Floating eco-homes: building on the water instead of fighting it
New sustainable systems to withstand floods come from the Netherlands
Time ago we talked about a very efficient way to survive natural disasters: do you remember monolithic domes? We explained how these easy-to-build energy- efficient round-shaped homes can resist the ravages of extreme natural events. Architects and builders are always at work to find new ways to face extreme weather conditions connected to climate changes.
Today, we will focus on pioneering constructions designed for low-lying countries that are most at risk from rising sea levels: floating eco-homes should protect low-lying towns and villages from the risk of floods. This task has been usually given to dikes, but often they are not enough, as floods have often forced people to leave their homes despite the presence of artificial structures to regulate water levels.
The climate change is causing more frequent and more severe floods; furthermore, Dutch scientists expect sea level to rise up to 110 cm (43 inches) by 2100. At the same time, the pressure on land will increase and in the next two decades 500 thousand new homes will be needed, the Dutch government says; therefore, Dutch house builders have no alternative but to find new building solutions.
If you want to have an idea of what amphibious houses are, you need to go to Maasbommel, a town in the Dutch province of Gelderland, in the Netherlands, where one third of the country lies below sea level. The waterfront of the town is lined with blue-yellow-and-green-panelled floating houses. The buoyancy is given by a hollow concrete cube put at the base of each house, while a vertical pile keeps the house anchored to the land. Steel pillars keep the flood-adaptive buildings horizontally stable in case of flood. Flexible pipes pump in the necessary electricity and water. These houses are planned to be strong enough to resist a 4-m water rise and with the aim of being sustainable buildings. If the waters rise, the houses rise too, keeping inhabitants dry.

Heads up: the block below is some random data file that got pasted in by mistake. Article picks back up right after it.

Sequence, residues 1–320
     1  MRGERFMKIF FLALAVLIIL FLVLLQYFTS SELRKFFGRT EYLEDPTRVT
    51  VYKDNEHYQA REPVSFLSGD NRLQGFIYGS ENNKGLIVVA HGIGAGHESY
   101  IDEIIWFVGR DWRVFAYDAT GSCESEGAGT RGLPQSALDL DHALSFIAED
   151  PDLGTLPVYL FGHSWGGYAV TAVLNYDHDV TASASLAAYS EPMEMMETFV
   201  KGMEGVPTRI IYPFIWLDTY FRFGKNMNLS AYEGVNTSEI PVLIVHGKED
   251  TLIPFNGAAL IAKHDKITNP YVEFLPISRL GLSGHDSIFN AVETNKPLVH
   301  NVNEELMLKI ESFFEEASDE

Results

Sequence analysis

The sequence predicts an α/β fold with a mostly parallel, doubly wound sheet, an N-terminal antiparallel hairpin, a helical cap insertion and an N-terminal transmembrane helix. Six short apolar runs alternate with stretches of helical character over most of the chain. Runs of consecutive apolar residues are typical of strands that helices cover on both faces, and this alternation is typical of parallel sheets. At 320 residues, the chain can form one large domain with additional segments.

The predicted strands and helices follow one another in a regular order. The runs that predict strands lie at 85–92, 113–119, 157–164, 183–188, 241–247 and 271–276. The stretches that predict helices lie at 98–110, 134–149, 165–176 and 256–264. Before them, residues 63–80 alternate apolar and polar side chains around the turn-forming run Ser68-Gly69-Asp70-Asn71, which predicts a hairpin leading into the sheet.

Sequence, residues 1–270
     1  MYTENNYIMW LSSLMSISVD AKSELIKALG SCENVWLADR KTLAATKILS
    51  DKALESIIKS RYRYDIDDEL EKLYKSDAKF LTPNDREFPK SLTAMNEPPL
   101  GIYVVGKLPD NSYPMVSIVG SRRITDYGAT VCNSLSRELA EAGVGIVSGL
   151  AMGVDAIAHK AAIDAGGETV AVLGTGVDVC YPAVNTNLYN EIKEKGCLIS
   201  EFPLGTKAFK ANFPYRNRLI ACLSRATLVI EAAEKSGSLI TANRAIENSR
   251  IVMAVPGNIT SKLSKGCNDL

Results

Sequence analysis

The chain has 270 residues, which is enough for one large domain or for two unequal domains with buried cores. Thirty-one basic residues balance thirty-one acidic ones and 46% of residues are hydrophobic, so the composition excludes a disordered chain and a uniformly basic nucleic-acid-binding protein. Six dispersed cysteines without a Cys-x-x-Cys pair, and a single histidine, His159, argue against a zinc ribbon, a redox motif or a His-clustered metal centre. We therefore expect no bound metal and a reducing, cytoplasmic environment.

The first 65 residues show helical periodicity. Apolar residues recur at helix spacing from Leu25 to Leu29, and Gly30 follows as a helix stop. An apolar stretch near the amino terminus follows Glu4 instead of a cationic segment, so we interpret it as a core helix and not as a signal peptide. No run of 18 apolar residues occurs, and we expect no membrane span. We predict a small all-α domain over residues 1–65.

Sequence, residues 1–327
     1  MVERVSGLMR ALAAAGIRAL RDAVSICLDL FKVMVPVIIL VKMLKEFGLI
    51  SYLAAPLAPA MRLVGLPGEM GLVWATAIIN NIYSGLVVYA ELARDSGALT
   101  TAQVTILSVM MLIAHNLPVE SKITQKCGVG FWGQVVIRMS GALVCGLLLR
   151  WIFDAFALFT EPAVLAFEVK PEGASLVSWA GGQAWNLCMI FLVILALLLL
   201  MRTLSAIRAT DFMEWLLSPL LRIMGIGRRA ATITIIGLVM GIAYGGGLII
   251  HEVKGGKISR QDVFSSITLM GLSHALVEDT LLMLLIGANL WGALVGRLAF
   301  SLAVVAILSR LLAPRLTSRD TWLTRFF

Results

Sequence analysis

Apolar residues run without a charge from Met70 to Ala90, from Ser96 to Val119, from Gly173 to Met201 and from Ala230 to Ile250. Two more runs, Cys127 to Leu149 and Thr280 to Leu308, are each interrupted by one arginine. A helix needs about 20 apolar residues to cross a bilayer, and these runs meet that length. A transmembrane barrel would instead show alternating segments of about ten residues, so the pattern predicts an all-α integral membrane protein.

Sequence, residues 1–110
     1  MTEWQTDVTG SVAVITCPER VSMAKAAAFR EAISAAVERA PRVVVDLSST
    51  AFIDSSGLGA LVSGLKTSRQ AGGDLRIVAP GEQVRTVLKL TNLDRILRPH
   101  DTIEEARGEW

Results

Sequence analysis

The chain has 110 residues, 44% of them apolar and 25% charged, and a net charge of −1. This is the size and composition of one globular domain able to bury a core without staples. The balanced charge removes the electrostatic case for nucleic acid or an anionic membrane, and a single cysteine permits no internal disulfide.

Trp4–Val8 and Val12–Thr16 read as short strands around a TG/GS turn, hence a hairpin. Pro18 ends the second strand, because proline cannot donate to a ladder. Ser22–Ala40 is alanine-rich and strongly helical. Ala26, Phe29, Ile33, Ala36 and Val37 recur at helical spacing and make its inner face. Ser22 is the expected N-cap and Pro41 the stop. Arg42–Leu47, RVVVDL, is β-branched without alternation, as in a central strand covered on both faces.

They are not cheap – prices start from 260,000 euros – but the demand is high according to the company that develops them (Dura Vermeer). Buyers claim it is a good investment despite the maintenance they require. They have also attracted international attention from countries sharing the same problems and worries. Officials from New Orleans – that was struck by a severe flooding in 2005 – have visited Maasbommel to see how this ground-breaking system works.
Although the designers of floating houses have found a good solution for low-lying areas, they have not been the only one to look for another effective sustainable way to withstand floods. A group formed by Frits Schoute and some engineering and architecture students are implementing a pilot project called “Ecoboot” to build whole cities at sea and to cope with the problem of the coming shortages of land.
Conventional flood defences like dikes cannot be completely replaced by these innovative solutions, but experts say they will not be enough in the future and alternatives to improve the security of mankind must soon be found.
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